Newport Beach, California--Neuropsychologists may wind up owing a debt to the devil--an auditory illusion known as the "devil in music," that is. How the illusion is perceived depends on what language a listener grew up speaking, researchers reported here on 7 December at the Acoustical Society of America's 140th meeting. And those perceptions might ultimately help psychologists understand how the brain wires itself during childhood.
For more than a decade, psychologist Diana Deutsch of the University of California, San Diego, has been studying an auditory illusion based upon the tritone, two notes played a half-octave apart. With a computer, Deutsch created ambiguous notes by superimposing tones from many octaves. Although listeners can perceive one of these notes as a C, say, they can't tell whether it's a high C, middle C, or low C. Indeed, the tone doesn't really belong to any octave at all.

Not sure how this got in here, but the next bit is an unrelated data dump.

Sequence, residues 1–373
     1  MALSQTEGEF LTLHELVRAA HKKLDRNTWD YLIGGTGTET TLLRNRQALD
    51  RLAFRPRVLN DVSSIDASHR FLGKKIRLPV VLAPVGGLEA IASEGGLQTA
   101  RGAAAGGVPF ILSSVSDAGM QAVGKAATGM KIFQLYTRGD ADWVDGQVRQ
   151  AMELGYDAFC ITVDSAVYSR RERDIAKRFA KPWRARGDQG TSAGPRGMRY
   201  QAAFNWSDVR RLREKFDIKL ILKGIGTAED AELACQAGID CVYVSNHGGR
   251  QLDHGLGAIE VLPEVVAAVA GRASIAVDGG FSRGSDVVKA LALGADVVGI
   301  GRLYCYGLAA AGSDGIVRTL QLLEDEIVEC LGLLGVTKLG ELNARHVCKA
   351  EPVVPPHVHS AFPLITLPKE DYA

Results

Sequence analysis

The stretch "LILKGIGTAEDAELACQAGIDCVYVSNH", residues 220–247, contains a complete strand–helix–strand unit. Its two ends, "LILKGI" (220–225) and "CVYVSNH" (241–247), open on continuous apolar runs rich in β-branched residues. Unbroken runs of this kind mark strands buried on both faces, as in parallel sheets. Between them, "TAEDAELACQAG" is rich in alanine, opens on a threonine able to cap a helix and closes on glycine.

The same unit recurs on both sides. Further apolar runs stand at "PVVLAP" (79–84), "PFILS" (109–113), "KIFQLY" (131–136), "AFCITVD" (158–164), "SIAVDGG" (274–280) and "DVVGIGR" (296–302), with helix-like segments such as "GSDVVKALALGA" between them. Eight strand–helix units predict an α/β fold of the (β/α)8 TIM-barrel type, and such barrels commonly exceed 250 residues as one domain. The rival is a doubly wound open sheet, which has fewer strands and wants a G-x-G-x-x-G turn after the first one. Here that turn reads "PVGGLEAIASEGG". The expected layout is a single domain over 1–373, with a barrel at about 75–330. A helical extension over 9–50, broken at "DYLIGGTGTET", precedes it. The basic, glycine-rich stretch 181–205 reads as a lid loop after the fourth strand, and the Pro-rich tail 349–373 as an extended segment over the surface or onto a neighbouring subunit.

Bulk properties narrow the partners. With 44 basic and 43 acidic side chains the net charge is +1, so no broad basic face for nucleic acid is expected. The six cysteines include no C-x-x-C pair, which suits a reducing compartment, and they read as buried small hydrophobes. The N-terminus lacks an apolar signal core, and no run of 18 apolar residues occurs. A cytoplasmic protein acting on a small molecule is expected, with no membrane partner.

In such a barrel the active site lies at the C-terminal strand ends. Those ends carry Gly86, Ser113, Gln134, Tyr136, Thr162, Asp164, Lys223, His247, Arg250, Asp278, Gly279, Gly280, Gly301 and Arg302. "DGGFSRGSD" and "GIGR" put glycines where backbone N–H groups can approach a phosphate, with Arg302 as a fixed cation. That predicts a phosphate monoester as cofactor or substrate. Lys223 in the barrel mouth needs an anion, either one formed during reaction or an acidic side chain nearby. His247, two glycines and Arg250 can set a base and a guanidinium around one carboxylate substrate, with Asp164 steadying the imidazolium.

Things got interesting when Deutsch compared tritone pairs of ambiguous notes. Even though neither note is higher or lower than the other, people consistently perceive one tone as high and the other as low. But they don't agree which is which. Stranger still, how subjects perceive the illusion seems to depend on where they grew up.
To test whether a mother tongue determines how a person interprets an ambiguous tritone, Deutsch and colleagues studied two groups of subjects who had emigrated to California from Vietnam. The first group came to the United States as children, and though Vietnamese was their first language, most no longer spoke it fluently. The second group, on the other hand, arrived in the United States as adults and spoke little English. Both sets of people born in Vietnam perceived the tritones in the same way--but differently from their California-born neighbors, whom Deutsch had studied earlier. Perception of the tritone, she believes, depends on what language an infant heard.
The study "reinforces the idea that early linguistic background affects perception" in adults, says Magdalene Chalikia, a psychologist at Minnesota State University in Moorhead. As an infant learns its first language, that is, the brain may adjust its neural connections in a way that affects the perception of sounds. But for the moment, scientists have little idea how each language rewires the brain. "You can't make predictions," sighs Chalikia. "It's frustrating." The devil, it turns out, is in the details.